Jeje Lalpekhlua: The Mizo who doesn’t want Aizawl to become I-League champions
The 26-year-old will have his allegiances put to the test in Saturday's big clash between Aizawl and Mohun Bagan.
A little glance at the Mohun Bagan squad will give you an idea. An idea of how Jeje Lalpekhlua, their star striker, will have his allegiances put to the test when the Mariners take to the field against Aizawl FC on Saturday afternoon.
Jeje, whose birthplace of Hnahthial is about 100 miles from Aizawl’s home ground Rajiv Gandhi Stadium, opened up on the emotions going through the people close to him as the striker comes home to what could be a title-deciding day of the 2016/17 I-League season.
“They [his near and dear ones] are a bit perplexed at the moment whether to come and cheer for me and my team on Saturday or for Aizawl FC, the home team,” Jeje wrote in the Times of India.
That points to Jeje’s catch-22 situation, but one where there is only one side he can take. The 26-year-old would have cheered Aizawl on had he not been a professional footballer, given the scale of the task the Reds have accomplished so far this season, but he is bound by duty.
Perhaps Jeje is the only Mizo who wouldn’t want Aizawl to win this season’s I-League title. That gives an indication of how far Aizawl have come to be in the reckoning for the top prize in Indian football. The reigning FPAI Indian Player of the Year, Jeje is among many other players from Mizoram who outgrew the clubs in their state and moved on to the bigger, richer clubs.
Well-known players from Mizoram like Jeje, East Bengal’s Lalrindika Ralte and Robert Lalthlamuana, and Bengaluru FC’s Daniel Lalhlimpuia and Sena Ralte to name a few, don’t ply their trade in their home state because of the better incentives on offer and greater visibility at the biggest clubs in the country.
However, Aizawl’s rise against the grain this season has threatened to alter the landscape of Indian football. It is their success that can help a club of Aizawl’s ilk — among the bottom clubs in terms of finances — keep the next Jeje Lalpekhlua from leaving for greener pastures in mainland India.
The passion in the region is there for all to see; complementing it with success could be a recipe for the future of Indian football.
“Their [Aizawl FC’s] fans immediately mark out Aizawl FC from the rest among clubs in Indian football. The noisy crowd makes life tougher for any visiting team when you play in Aizawl. Credit must go to the club management as they have shown how to garner a stable and energetic fan base around the club and team.
“There can’t be a finer advertisement of Indian football than the sight of thousands of female supporters rubbing shoulders with the regular male fans, thronging the stadium and leading the chanting in the stands all in support of their beloved team — be it a home match or an away fixture,” Jeje added further.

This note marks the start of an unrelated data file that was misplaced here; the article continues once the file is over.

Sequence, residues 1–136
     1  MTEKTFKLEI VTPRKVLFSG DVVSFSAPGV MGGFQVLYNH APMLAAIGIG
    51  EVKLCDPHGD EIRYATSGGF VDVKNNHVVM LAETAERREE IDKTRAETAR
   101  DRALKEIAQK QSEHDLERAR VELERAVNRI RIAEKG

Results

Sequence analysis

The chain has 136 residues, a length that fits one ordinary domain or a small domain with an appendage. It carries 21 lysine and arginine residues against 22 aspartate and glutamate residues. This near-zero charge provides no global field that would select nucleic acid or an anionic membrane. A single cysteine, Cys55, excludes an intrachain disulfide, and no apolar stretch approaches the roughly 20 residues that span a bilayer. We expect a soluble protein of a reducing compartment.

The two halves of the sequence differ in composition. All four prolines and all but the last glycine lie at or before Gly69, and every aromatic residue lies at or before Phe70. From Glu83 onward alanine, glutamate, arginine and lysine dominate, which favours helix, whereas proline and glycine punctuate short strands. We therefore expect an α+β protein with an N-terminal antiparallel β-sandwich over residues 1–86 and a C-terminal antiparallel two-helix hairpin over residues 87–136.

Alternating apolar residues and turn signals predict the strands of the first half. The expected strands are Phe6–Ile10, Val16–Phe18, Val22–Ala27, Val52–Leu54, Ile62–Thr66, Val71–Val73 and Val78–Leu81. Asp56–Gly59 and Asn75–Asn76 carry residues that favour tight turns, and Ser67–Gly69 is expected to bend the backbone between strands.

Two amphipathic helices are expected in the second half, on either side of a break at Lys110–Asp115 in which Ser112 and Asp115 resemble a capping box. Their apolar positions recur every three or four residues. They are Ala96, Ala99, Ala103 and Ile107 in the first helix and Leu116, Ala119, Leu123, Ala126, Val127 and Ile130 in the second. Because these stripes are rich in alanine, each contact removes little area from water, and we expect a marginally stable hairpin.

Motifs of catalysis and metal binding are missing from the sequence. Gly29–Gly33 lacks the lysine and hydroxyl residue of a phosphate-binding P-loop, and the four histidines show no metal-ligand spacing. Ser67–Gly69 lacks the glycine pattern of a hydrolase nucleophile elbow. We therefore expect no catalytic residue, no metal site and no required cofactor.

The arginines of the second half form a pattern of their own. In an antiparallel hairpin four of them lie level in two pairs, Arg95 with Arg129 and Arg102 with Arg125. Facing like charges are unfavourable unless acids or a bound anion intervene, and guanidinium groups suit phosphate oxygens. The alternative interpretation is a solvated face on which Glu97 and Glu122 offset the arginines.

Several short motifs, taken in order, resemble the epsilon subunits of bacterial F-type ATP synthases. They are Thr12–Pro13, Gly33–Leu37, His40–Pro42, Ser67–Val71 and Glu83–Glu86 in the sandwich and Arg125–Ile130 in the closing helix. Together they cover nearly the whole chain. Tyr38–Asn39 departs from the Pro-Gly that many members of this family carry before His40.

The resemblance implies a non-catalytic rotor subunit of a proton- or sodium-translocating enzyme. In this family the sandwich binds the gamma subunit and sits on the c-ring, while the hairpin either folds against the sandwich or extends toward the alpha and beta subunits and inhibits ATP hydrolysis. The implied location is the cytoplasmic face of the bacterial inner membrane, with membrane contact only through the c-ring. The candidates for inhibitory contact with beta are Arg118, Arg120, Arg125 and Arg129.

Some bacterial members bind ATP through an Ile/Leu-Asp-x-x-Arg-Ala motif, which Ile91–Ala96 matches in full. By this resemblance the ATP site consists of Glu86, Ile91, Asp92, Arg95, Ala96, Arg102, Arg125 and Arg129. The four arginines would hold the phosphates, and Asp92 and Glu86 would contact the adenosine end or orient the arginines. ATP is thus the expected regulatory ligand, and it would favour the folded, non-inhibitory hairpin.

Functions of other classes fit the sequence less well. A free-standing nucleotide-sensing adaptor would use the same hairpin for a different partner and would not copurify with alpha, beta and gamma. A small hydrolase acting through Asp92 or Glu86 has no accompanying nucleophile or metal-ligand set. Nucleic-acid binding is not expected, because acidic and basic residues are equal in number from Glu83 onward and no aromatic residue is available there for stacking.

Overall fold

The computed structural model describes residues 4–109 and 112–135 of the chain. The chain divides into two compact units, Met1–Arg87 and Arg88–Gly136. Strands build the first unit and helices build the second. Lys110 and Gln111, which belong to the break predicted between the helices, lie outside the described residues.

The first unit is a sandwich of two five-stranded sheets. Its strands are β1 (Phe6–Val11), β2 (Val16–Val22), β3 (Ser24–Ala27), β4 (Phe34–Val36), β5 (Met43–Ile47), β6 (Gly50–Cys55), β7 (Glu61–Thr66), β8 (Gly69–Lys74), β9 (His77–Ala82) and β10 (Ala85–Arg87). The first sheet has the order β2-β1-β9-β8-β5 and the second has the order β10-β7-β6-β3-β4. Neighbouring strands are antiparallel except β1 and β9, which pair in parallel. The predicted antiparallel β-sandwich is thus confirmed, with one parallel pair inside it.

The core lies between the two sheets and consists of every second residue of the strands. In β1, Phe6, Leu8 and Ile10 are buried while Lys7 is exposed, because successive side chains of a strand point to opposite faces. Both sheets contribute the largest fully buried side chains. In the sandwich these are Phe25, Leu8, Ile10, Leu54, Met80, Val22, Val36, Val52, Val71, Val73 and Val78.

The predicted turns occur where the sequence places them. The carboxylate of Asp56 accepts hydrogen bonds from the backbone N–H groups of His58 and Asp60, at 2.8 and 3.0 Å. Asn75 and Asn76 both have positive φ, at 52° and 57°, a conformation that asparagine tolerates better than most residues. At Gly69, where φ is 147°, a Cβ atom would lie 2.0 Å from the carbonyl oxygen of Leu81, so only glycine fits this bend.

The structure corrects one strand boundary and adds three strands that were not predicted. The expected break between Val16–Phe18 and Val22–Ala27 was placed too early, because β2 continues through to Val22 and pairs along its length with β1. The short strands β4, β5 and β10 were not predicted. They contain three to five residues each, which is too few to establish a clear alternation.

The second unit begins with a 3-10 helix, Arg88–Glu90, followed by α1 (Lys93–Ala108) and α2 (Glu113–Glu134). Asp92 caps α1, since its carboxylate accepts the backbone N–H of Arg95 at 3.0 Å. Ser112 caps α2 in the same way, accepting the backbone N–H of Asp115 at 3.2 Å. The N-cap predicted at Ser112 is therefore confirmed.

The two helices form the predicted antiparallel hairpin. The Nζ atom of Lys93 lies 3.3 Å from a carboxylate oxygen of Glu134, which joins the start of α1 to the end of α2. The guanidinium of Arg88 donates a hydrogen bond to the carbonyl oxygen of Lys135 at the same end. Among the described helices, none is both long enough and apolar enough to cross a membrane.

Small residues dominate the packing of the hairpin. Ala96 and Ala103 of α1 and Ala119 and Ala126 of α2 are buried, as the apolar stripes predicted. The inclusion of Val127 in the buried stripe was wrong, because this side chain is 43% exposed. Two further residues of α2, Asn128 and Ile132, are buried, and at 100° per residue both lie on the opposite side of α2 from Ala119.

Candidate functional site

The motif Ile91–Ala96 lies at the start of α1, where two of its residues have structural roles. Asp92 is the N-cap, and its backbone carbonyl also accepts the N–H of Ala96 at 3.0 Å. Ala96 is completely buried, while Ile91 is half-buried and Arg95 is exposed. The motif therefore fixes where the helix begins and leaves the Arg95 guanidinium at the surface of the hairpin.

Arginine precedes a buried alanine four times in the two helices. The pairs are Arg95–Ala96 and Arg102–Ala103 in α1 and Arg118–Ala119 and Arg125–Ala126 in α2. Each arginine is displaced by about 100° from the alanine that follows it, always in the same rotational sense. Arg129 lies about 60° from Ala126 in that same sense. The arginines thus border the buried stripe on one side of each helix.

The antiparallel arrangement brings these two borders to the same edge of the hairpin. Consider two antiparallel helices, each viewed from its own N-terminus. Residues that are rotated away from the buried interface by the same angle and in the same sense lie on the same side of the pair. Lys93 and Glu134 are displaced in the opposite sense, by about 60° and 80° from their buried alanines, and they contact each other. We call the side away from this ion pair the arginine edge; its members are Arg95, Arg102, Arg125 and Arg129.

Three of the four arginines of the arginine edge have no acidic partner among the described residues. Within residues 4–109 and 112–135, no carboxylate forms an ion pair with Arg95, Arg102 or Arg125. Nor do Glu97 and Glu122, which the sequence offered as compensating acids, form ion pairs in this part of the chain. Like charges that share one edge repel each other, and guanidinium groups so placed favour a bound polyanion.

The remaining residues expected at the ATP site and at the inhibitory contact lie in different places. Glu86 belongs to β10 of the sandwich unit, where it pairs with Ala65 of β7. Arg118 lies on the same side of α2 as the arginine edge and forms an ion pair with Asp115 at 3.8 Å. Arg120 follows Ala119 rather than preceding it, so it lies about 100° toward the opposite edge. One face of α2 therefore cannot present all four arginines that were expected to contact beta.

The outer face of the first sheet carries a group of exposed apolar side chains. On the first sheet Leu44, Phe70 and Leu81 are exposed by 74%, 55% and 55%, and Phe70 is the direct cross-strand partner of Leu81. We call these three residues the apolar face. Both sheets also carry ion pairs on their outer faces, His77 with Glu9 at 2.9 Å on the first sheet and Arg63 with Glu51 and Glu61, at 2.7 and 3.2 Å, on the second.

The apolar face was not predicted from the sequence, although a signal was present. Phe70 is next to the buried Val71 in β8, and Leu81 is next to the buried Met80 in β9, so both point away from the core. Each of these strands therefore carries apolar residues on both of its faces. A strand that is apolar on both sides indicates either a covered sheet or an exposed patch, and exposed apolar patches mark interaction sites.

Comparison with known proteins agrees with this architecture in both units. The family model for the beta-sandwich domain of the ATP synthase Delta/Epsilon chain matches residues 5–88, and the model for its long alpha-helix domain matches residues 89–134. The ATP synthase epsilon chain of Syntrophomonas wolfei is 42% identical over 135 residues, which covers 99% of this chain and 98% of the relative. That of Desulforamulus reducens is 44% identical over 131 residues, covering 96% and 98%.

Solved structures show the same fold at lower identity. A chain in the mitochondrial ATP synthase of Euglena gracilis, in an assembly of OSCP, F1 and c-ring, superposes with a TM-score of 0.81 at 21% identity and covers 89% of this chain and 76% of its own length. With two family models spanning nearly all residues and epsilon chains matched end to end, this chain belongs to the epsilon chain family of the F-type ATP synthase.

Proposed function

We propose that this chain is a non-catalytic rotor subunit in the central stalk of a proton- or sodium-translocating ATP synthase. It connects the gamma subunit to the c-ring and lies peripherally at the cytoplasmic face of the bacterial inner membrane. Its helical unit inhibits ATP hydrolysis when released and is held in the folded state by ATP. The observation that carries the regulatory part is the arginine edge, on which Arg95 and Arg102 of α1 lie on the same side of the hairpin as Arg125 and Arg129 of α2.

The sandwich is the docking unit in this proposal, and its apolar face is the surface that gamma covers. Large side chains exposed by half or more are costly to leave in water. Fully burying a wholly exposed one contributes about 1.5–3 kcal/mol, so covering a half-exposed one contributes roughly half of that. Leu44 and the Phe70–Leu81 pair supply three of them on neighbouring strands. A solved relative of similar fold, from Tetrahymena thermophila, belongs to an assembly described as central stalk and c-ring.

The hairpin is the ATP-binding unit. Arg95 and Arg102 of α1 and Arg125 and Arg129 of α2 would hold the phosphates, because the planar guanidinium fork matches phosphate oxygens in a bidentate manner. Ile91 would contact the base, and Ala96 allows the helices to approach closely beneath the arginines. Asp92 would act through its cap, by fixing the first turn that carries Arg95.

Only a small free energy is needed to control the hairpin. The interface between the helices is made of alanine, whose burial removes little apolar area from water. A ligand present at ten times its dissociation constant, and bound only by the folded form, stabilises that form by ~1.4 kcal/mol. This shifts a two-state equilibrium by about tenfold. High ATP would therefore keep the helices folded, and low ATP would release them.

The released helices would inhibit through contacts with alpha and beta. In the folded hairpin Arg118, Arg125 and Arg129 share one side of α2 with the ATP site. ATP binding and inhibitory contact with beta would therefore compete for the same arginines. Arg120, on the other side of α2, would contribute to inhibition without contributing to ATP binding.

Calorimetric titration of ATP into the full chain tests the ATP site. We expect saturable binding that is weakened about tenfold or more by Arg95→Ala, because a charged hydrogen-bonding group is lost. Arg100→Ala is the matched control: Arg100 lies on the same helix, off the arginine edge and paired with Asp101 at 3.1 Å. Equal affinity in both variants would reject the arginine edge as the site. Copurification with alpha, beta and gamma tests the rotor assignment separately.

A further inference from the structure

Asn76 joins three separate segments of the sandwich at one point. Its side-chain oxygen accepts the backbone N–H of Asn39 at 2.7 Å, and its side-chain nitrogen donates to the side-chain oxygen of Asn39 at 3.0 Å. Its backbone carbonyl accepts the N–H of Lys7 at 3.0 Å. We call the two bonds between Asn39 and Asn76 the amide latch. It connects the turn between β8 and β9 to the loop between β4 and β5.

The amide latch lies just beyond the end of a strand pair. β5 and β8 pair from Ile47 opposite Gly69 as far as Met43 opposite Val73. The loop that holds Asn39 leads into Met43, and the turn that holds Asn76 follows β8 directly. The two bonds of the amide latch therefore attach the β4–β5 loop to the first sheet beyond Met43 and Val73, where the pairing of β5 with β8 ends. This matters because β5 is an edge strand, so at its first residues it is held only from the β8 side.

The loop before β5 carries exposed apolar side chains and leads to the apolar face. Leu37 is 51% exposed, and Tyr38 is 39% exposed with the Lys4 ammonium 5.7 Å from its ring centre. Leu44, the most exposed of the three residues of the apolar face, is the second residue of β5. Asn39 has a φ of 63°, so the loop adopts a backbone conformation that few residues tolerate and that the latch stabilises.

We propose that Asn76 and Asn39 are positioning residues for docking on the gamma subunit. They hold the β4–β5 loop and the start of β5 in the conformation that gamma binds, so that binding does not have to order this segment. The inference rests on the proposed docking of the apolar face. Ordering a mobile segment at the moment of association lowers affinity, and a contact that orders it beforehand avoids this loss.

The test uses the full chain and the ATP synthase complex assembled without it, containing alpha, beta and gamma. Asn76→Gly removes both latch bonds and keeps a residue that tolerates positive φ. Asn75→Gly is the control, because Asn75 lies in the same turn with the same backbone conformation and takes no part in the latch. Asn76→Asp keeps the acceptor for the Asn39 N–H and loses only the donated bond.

Despite his words of praise for Saturday’s opponents, Jeje will be fully aware of not letting his emotions get the better of himself at Aizawl on Saturday. The striker looked out of sorts and far from his best during Mohun Bagan’s midweek AFC Cup defeat to Maziya of Maldives.
The India international has scored only five times in eight appearances this season, suggesting that he still has got that striker’s eye for goal, but Bagan may have lessened their dependence on him. Scottish striker Darryl Duffy has been the main man up front for the Mariners this season, while Balwant Singh has also had an impressive goal return.
However, it is no secret that Jeje remains one of India’s best poachers. All it needs is one perfect swing of a Bagan striker’s boot to deal a blow to Aizawl’s title challenge. Should Jeje be that difference-maker, all the narratives about Aizawl and their unlikely run to the title could end on an anti-climactic note.
“As a professional, the onus is on us to repay the faith of the thousands of Mariners and retain the trophy. Mohun Bagan would play the game as if it’s their last game on Earth to get the three points — possibly most important three points of our life until now.”
The focus for Jeje is clearly on winning the title with Bagan. As Aizawl’s midfielder Mahmoud Al Amna noted, the Mariners striker will only be a footnote in the grander scheme of things for Aizawl and, possibly, the whole of Mizoram.
“I don’t think so [there will be a split among supporters because of Jeje]. Jeje is one of the best Indian players now and he is from Mizoram, so definitely he will get people’s love but I’m sure we will get wholehearted support,” said the Syrian.
Whether Jeje can kill the title race on Saturday remains to be seen, but looking both ways, Mizo football stands to gain the most from this I-League season — either with Aizawl FC or with Jeje.